Even a single-member LLC should have an operating agreement. As the only owner of your LLC, you don't have to worry about member agreements and disputes. But there are other reasons to create an operating agreement. An operating agreement shows that you treat your LLC as a legal entity separate from yourself. This separation helps to protect your limited liability status. Further, you may need to indicate an operating agreement when opening a business bank account or seeking investments. Professionals like lawyers and accountants may also ask to see an operating agreement before providing you with services.
Get an EIN
If you have more than one LLC member or hire employees, you will need an Employer Identification Number (EIN). An EIN is a unique number that the Internal Revenue Service (IRS) issues. The IRS uses your EIN as a tax identification number for your business. In this sense, an EIN is like a Social Security number for businesses. You may need your EIN when you open a business bank account, pay employees, or apply for a company credit card. Getting an EIN is quick and easy to do at the IRS website. You can file by fax, mail, or online, and there is no fee.
Set Up Business and Tax Accounts
You may need to register your business for tax accounts in Montana. For more information on Montana's tax obligations, visit the Montana Department of Revenue website. Generally, if the LLC is a pass-through tax entity, it does not pay corporate tax. The members report LLC's profits and losses on their individual state and federal tax returns. However, if the LLC opts for C corp status with the IRS, the LLC pays a state tax.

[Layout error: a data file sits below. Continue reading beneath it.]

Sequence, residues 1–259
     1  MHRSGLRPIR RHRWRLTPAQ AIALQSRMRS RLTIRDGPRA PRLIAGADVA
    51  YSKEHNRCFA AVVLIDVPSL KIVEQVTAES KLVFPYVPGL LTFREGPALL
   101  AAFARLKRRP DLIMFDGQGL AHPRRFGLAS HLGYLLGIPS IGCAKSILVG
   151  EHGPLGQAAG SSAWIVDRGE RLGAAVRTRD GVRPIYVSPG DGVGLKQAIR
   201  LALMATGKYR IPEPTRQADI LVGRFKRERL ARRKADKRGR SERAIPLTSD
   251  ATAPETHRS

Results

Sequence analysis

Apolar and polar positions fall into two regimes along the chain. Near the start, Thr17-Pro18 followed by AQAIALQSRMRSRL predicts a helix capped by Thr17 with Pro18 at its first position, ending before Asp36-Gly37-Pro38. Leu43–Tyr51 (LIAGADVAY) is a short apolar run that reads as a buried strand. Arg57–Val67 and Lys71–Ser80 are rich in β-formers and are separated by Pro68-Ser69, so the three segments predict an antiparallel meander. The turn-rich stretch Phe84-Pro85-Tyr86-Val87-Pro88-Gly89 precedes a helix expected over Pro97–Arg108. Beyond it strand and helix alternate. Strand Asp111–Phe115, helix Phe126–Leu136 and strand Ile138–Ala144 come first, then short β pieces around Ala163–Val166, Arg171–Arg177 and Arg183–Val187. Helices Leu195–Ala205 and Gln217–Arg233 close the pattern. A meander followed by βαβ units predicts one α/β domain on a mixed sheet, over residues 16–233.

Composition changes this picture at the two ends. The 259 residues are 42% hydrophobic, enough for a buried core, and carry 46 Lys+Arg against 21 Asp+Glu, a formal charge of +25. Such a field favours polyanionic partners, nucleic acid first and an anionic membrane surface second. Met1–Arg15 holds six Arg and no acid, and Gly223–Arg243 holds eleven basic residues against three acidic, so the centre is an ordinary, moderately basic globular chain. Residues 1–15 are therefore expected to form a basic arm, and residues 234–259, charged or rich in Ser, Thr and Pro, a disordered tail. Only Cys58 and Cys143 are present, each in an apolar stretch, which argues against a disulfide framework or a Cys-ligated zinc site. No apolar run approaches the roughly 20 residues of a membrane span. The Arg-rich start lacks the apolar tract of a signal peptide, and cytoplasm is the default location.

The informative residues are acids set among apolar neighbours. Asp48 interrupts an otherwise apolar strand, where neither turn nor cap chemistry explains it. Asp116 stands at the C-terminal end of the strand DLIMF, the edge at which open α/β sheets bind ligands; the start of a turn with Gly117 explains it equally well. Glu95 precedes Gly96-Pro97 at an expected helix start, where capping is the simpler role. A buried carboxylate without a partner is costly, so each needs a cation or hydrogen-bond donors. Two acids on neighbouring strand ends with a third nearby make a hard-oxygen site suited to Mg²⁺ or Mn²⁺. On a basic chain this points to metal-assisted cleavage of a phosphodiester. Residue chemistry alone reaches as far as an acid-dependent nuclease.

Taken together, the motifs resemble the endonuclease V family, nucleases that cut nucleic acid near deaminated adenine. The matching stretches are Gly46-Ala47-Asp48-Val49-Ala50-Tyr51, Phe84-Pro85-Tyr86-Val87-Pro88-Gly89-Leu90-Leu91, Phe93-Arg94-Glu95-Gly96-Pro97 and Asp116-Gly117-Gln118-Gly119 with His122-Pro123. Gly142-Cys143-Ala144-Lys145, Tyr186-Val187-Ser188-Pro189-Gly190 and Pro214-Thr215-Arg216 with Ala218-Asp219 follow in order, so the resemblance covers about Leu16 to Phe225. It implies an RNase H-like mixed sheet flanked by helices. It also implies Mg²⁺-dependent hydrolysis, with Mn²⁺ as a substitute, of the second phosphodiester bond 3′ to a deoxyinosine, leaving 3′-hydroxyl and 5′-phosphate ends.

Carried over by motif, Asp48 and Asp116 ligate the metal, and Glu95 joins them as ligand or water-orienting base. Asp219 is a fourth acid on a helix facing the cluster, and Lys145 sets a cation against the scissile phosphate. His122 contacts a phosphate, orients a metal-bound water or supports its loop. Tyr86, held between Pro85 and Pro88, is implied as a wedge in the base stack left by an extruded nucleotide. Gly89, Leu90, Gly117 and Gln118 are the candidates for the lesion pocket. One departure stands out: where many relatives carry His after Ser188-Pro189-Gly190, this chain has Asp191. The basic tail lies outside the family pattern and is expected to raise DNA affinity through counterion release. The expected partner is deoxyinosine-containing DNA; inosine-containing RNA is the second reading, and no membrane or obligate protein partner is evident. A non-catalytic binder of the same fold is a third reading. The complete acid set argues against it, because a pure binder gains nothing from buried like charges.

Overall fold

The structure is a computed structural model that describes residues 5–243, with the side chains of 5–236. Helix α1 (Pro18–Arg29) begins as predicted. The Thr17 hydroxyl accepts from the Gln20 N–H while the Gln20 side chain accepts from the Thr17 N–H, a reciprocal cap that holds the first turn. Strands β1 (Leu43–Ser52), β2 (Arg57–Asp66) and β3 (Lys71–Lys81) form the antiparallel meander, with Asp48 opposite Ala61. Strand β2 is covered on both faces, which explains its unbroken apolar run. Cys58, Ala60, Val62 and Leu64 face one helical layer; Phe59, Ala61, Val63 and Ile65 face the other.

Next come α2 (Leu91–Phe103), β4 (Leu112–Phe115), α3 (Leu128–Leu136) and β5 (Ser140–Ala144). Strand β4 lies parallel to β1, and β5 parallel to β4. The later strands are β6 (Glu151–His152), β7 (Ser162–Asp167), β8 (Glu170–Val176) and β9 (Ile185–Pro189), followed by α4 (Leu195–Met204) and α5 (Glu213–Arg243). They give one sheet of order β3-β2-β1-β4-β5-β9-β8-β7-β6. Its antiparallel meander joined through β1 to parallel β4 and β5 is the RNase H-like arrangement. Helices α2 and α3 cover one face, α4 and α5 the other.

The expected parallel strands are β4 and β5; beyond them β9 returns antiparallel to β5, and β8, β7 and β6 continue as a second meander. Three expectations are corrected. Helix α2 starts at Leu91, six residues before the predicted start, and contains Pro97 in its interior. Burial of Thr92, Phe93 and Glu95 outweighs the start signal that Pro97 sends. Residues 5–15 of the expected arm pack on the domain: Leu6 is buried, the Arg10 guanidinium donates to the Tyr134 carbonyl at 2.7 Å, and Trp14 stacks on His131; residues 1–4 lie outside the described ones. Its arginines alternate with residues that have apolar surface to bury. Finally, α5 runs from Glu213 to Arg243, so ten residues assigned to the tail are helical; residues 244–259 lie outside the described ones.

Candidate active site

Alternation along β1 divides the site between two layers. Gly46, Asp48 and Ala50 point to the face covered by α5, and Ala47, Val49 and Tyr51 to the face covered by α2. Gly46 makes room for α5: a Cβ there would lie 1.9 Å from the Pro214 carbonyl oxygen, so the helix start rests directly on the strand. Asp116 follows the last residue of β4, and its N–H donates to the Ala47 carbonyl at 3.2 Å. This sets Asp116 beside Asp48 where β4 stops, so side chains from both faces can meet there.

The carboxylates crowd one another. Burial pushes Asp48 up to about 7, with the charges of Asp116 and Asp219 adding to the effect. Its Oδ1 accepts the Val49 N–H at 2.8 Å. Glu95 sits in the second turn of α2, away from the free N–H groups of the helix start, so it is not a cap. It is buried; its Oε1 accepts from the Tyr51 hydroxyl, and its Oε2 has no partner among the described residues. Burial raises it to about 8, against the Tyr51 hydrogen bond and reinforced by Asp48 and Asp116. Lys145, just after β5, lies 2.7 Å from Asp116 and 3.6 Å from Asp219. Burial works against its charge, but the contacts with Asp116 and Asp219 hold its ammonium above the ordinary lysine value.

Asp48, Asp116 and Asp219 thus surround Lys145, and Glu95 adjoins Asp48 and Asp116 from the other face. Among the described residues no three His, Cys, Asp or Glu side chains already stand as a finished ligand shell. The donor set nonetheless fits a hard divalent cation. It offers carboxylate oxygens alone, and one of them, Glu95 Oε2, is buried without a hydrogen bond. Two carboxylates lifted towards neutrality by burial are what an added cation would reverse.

Additionally, your business may need local, state, or federal licenses. Check your town, state, and federal government for special licenses or permits you need to run your business.
File Beneficial Ownership Information Report (BOIR)
The Beneficial Ownership Information Report (BOIR) is a new requirement. To file a BOIR, visit www.fincen.gov/boi and select “File BOIR.” To complete your BOIR, you must provide information regarding your LLC, its beneficial owners, and its applicants. Your LLC’s applicants are those who directly filed the document that created or registered the LLC or were responsible for controlling the filing. Beneficial owners are people who have substantial control over the LLC and/or own a minimum of 25% of the ownership interests of an LLC.
If you create your LLC in 2024, you must file within 90 days from the day your LLC received notice of its creation/registration or 90 days from the day the Secretary of State or similar office first provided public notice of your company’s creation/registration, whichever is earlier. If you form your LLC after January 1, 2025, you must file within 30 calendar days from the date you receive actual or public notice of the LLC’s creation or registration.